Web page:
I don’t know if you want to read about how Lloyd Alexander constructed emotional transformation for his characters, but I wrote a paper fanboying about it last fall. I don’t want to fall out of the habit of posting something, even if I’m too busy to write a new post, so I’ll share that paper with you instead. I’m not sure how well the formatting has survived the transition. It looks legible from where I sit. Cross the vast gap of this break to enjoy it.
I’d forgotten just how much I enjoyed Lloyd Alexander’s The Book of Three and the rest of the Prydain series when I was younger. I think I also missed a lot of the gendered subtexts (many of which are pretty overt) when I was reading Alexander’s work the first time through. Or rather, I didn’t pay much attention to them even though they were right up in my face. Rereading Lloyd Alexander has been a bit strange.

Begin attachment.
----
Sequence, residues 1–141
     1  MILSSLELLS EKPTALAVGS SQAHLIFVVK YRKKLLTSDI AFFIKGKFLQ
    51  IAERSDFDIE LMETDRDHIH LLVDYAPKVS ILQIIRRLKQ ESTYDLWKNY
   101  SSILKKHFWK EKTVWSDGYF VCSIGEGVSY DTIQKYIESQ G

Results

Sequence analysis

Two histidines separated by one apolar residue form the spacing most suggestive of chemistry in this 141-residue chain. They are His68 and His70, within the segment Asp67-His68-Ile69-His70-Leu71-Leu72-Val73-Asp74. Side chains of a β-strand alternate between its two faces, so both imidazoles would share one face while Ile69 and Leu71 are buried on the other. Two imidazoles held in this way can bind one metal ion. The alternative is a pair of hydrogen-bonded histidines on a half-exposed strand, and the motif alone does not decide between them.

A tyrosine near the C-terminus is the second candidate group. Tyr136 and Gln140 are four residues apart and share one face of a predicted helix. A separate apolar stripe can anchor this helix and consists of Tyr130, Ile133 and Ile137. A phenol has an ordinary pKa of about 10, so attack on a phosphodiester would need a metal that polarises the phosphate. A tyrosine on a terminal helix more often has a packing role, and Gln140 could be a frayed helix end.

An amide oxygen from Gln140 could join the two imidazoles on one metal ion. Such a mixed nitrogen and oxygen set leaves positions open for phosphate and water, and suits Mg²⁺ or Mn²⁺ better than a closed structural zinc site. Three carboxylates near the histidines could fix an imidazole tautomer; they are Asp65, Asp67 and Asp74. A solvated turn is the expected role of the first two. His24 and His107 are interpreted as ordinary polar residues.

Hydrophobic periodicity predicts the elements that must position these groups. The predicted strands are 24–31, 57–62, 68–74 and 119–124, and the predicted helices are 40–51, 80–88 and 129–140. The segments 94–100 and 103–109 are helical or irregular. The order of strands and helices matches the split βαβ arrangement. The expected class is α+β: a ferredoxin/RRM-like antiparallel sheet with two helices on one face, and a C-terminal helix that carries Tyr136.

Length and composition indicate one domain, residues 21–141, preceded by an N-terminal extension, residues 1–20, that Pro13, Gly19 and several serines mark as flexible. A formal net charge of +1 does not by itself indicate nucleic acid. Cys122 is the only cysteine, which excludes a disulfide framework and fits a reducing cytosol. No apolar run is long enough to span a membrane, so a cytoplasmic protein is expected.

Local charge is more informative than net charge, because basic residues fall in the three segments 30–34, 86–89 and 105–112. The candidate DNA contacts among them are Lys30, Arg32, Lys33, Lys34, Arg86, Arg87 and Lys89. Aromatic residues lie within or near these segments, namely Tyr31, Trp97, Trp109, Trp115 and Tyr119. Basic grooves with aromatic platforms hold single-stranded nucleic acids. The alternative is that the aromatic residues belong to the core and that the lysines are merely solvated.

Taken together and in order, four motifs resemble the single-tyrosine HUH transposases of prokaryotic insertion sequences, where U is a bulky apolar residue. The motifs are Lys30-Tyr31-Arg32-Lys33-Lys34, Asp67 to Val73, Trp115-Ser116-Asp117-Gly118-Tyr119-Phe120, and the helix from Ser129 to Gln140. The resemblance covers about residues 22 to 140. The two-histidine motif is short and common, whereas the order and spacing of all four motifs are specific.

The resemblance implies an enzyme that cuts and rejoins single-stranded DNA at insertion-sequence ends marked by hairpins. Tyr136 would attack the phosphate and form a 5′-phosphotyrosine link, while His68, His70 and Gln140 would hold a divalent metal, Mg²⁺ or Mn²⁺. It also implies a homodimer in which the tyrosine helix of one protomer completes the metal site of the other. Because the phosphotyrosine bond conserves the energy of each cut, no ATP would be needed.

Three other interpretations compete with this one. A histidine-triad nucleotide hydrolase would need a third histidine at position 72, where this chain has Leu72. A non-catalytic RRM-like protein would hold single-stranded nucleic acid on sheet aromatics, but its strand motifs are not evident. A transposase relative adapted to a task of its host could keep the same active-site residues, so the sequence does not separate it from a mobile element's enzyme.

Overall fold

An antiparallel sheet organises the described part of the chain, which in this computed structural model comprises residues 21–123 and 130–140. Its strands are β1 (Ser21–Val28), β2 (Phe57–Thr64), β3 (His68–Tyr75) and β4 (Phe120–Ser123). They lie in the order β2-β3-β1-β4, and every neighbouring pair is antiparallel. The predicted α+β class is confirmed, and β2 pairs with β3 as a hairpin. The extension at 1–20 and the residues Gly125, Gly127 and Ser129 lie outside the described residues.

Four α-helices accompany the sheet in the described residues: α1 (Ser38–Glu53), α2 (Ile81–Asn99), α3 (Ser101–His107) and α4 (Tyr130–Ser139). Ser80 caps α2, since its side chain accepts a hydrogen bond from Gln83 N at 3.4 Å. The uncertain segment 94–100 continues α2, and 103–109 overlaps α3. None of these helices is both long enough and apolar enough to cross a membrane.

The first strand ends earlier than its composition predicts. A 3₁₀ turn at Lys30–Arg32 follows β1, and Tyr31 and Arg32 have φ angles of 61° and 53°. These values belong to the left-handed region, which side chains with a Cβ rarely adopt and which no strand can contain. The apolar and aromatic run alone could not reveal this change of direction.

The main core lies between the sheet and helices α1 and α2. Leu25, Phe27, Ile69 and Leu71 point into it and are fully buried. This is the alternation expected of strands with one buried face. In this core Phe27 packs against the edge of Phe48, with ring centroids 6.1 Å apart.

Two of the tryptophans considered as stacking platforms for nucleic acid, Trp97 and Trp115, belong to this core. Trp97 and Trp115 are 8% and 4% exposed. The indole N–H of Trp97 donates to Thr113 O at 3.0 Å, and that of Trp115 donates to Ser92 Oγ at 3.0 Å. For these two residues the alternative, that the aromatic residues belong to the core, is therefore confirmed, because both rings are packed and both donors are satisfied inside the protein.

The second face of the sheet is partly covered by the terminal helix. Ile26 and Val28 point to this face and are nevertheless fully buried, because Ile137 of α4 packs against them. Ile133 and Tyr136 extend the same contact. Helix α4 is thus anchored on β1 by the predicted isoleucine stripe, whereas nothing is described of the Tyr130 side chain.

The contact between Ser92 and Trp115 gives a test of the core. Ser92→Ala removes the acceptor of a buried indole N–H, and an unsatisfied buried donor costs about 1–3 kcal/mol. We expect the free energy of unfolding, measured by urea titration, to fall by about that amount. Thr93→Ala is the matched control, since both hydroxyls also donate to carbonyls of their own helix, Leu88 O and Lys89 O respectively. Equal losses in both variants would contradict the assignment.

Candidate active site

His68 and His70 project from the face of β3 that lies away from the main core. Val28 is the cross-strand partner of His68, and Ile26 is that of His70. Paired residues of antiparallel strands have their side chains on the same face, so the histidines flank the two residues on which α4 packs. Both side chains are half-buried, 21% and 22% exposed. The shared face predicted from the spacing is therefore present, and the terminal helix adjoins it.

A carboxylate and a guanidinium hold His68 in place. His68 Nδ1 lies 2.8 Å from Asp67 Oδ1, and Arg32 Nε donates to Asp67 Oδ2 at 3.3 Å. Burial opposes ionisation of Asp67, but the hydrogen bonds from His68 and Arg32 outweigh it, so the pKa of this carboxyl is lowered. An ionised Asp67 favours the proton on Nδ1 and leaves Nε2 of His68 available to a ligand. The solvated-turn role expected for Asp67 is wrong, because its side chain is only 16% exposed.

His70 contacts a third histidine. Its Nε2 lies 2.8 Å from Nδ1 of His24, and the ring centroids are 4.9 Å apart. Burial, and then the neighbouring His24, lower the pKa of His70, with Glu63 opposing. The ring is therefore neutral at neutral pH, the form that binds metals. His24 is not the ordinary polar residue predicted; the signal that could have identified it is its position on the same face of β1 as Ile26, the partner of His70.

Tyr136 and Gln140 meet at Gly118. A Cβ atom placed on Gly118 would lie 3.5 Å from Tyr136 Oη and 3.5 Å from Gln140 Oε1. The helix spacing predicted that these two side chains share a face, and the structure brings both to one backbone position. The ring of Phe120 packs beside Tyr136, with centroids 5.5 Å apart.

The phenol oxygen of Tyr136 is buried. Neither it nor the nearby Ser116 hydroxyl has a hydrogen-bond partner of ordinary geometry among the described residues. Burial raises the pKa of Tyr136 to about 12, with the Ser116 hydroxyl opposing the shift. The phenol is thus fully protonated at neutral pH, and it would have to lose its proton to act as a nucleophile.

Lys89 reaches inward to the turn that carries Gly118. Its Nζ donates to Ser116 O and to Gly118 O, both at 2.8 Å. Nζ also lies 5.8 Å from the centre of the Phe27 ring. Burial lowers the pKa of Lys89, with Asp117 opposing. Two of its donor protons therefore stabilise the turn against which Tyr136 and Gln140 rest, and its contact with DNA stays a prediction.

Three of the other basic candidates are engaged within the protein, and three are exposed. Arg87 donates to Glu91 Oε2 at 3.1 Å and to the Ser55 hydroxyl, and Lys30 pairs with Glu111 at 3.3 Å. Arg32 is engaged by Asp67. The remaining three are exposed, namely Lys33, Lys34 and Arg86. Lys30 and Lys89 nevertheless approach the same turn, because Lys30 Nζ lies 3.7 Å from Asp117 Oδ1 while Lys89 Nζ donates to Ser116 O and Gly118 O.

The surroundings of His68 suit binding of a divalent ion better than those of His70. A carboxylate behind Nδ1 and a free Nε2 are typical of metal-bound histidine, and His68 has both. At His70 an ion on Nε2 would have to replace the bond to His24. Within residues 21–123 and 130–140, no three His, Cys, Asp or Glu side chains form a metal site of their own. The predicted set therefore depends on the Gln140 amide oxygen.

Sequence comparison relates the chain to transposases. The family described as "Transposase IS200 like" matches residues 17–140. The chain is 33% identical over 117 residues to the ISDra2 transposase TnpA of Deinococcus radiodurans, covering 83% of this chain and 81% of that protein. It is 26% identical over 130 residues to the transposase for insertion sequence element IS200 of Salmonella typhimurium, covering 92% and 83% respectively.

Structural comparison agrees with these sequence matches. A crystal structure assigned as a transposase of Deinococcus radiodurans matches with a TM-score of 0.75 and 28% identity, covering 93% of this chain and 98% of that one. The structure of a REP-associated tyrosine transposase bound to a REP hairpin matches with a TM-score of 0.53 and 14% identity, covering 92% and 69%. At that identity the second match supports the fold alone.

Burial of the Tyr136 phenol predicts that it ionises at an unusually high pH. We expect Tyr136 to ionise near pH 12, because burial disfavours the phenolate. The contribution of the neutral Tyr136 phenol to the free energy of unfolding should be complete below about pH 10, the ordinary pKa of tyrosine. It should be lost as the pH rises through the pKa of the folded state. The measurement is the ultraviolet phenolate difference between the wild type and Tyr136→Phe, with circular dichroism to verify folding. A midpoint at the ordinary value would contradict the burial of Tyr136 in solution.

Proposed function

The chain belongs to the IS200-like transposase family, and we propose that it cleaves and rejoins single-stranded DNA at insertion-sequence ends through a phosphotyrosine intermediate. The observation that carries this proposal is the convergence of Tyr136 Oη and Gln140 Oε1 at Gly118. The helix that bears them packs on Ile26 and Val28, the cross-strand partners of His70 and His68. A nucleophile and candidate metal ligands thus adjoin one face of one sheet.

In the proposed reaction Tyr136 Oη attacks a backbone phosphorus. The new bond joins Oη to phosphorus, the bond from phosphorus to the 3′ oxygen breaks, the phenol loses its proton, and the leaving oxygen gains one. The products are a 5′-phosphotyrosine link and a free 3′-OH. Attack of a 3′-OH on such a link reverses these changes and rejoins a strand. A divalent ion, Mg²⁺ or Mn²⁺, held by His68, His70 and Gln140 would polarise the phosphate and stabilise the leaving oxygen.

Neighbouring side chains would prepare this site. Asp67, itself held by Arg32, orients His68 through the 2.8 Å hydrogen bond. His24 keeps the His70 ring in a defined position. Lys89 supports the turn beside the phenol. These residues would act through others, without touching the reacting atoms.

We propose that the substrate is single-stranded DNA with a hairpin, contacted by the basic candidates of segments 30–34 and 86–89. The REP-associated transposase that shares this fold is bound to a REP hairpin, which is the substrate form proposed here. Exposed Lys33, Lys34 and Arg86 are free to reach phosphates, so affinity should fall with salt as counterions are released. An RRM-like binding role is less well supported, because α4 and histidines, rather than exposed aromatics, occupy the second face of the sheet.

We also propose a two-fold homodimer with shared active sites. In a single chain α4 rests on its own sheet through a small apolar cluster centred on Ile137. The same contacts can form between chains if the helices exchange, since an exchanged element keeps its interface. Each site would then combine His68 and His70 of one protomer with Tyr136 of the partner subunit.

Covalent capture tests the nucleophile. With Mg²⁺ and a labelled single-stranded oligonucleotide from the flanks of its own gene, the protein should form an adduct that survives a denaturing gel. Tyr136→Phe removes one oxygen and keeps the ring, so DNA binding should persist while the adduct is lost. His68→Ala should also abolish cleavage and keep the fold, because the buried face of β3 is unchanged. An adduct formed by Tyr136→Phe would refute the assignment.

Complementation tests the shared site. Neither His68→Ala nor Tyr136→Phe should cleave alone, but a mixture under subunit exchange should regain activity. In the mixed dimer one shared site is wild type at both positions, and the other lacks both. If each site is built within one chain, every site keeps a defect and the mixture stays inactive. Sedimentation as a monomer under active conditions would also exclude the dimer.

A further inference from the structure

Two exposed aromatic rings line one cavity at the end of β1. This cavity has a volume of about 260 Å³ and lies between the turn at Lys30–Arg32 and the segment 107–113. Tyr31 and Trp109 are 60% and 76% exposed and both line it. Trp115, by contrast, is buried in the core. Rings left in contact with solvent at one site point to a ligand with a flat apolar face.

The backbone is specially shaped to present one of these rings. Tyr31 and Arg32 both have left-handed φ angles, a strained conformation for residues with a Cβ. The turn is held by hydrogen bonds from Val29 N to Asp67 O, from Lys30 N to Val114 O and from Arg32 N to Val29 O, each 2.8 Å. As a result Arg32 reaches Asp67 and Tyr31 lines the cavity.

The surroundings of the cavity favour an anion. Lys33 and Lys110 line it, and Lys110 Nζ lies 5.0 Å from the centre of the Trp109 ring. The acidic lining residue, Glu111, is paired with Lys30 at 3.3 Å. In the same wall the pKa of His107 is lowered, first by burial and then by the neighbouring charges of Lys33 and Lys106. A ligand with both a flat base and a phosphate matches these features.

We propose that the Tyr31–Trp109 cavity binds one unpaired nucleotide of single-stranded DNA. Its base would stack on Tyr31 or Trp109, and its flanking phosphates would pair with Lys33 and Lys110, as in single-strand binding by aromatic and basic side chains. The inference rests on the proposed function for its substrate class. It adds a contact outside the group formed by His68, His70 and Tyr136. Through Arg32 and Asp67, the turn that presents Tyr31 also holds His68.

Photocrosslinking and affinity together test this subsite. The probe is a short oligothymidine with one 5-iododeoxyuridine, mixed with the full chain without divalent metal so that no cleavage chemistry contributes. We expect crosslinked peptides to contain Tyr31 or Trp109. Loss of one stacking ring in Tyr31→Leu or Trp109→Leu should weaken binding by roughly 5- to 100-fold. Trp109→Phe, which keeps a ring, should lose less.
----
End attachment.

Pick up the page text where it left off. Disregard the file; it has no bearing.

I’m afraid I don’t have anything more deep for you. I have to go back to work, reading more Lloyd Alexander and Colonial and Post-Colonial theory, and writing about both of them (though not at the same time).
Though actually, on that note, there’s an excellent quote for you from Chidi Okonkwo’s piece “Casualties of Freedom” that sums up 20th century foreign policy pretty well:
“The role of the West in Third World poverty and instability has been that of pirates who, having plundered and sunk a merchant ship take up positions along the shore and shoot any survivors trying to swim to safety.”